Christian Long

David Gallo: Life in the Deep Oceans

In TED Talks on April 9, 2010 at 9:18 am

Reflection by DEREK M.

Original TED page w/ speaker bio, links, comments, etc:

David Gallo:  Life in the Deep Oceans

“The problem, I think, is that we take the ocean for granted.”

“Life in the Deep Oceans,” as presented by David Gallo, is a fascinating video combining the facts of the ocean with the unfortunate ignorance of the world around us. With the factual information provided along with the analysis of what is possible, David presents a fantastic view of the ocean and the creatures within it. The technology that is shown here in the late 1990’s is revolutionary, giving humans the opportunity to explore the depths of the ocean. This video gives us an amazing opportunity to gain knowledge and insight into a totally different world that is too often forgotten. I would highly recommend this video to anyone interested in the world and how it functions.

Consistently throughout the world the sea is taken for granted. No matter how often we see it or use it for its resources, we inherently take as a mystery too mysterious for our own curiosity.

As Mr. Gallo presents, the ocean has a denser biodiversity and biodensity, in some parts, than the rainforest. The kinds of creatures and organisms that can live by chemosynthesis are numerous and fascinating. Chemosynthesis is based on the survival of organisms without sunlight. The creatures have never seen the light of day and live in complete darkness. The multiple adaptations these creatures have made to live by constantly moving hydrothermal vents and the ecology of life in the deep oceans is nothing to scoff at. These organisms find a way to better senses for a life in complete darkness. That alone is remarkable.

“When you think about it, the oceans are 75 percent of the planet.”

What is even more remarkable is that we, as humans, do not see the ocean for how much mass it truly consumes. The ocean dominates the world around us, yet we treat it as the stepchild. We do not pay attention to the equilibrium that is necessary to preserve the ocean and all of its creations. The conservation attempts are rather futile. While we save the animals that we constantly see at the surface in the first 500 feet of depth, we forget about the other 9500 feet of depth that is globally averaged. The depth of the ocean averages around 2 miles deep, and the mountain ranges make the Alps look like a valley of rolling hills. The sea needs to be considered as well as the creatures that live there. Without them, sustaining life on this planet would be utterly impossible. The entire food chain would no longer exist, thus humans would no longer exist.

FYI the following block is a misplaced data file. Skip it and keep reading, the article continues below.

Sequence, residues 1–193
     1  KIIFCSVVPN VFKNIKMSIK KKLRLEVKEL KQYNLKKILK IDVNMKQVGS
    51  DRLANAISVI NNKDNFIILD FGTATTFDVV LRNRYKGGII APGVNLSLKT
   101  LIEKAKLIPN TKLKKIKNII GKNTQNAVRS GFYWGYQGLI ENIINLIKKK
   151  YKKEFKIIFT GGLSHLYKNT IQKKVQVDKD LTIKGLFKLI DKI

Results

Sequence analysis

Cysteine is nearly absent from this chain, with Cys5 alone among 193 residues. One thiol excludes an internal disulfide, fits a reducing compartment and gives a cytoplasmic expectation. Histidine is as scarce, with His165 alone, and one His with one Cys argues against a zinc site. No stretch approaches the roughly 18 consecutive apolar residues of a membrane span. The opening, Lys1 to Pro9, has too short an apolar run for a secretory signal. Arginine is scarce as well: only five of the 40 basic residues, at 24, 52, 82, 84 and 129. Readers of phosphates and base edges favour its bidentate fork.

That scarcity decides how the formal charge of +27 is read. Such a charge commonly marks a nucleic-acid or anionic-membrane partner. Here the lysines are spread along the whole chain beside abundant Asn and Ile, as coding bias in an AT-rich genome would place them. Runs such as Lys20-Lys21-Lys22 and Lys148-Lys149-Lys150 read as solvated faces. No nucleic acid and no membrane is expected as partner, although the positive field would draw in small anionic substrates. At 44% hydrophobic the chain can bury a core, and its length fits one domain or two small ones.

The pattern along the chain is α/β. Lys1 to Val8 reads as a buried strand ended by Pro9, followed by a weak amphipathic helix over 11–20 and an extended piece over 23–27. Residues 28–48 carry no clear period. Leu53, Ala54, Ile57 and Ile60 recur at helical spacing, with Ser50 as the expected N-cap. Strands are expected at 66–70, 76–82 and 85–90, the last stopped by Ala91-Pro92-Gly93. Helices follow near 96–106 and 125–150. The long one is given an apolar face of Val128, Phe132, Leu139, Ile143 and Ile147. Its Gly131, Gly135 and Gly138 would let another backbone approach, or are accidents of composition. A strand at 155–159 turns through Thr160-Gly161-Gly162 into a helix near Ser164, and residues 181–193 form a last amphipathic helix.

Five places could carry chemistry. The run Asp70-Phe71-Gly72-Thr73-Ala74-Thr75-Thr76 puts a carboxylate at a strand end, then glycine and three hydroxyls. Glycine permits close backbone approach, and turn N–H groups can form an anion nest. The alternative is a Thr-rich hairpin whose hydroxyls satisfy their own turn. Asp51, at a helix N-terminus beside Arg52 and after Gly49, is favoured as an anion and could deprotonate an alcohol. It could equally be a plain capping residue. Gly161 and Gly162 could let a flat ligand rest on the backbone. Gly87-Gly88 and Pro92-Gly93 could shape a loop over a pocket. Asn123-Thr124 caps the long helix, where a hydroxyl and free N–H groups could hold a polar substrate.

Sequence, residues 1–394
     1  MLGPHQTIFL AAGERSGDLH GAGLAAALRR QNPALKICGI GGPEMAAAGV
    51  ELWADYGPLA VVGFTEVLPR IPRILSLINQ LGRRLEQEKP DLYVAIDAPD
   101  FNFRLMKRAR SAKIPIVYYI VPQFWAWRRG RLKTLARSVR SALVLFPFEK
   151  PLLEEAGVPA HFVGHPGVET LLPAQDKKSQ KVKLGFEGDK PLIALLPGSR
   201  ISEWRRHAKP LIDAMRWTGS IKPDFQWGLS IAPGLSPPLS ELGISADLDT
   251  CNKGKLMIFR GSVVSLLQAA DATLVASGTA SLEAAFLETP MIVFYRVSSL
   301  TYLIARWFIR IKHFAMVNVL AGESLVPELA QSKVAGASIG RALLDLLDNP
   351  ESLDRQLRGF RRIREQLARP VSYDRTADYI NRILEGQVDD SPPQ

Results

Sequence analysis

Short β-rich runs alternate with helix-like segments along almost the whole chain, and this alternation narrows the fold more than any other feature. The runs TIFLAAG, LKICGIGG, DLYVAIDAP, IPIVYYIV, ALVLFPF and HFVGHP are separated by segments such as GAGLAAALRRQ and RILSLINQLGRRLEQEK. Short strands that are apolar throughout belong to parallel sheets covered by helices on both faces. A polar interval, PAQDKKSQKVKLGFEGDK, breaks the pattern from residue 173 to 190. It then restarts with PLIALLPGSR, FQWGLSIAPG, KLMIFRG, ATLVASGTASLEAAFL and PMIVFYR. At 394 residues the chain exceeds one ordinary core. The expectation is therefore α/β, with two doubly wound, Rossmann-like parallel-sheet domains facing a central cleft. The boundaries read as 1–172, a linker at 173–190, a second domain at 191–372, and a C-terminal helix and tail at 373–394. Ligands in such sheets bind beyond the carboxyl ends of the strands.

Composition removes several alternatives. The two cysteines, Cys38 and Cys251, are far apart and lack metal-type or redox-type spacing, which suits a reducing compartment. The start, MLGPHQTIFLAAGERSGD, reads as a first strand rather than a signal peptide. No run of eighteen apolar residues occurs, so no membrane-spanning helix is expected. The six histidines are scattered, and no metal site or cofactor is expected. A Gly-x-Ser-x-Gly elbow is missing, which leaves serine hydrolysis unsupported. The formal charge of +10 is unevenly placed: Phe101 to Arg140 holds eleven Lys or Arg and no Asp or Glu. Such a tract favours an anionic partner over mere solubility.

Before the process of evolution over millions of years, humans could have originated at the hydrothermal vents that are prominently found on the ocean floor at temperatures of over 200 degrees centigrade. Without these vents giving the barrier between the great oceans and the core of the Earth, humans would not exist today and neither would any other life on this planet. The plankton and the bacteria that live in the heat of the hydrothermal vents are condensed into great masses while living at extreme temperatures. Their life sustains the other life around them. In essence there would be no life on this planet without the hydrothermal vents covering the ocean floor, releasing toxic sulfides, by which the biodiversity of the ocean relies.

“Everything on this planet — everything — works by cycles and rhythms.”

The ocean is all about the full capacity of life on our planet. From the microorganisms near the thermal vents to the giant squid larger than the size of a school bus, the ocean is a mystery humans are not ready to solve. We overlook the ocean along with the creatures in it. There is a remarkable amount of life that can be discovered and the majority of life in the ocean has not yet been discovered because our humanly efforts are confined to what is presently affecting our lives.

Research shows that the ocean sustains majority of life on this planet. Without it, Earth would just be another planet in our galaxy: just another minute planet unable to sustain life. Therefore, we must protect the ocean for what it is. We must protect the creatures for what they are and we must gain knowledge into the world of the deep oceans both for geographical purposes, as well as biological research. The ocean is crucial to life on this planet and Mr. Gallo does a remarkable job bringing interest to a subject commonly misconstrued by human existence.

“There’s a story in the sea, in the waters of the sea, in the sediments and the rocks of the sea floor. It’s an incredible story. What we see when we look back in time in those sediments and rocks is a record of Earth history…so, what we’ve got to learn now is to find out where this planet’s going at all these different scales and work with it.”

If you were interested in this video you might also want to see another fascinating TED video at the following link:


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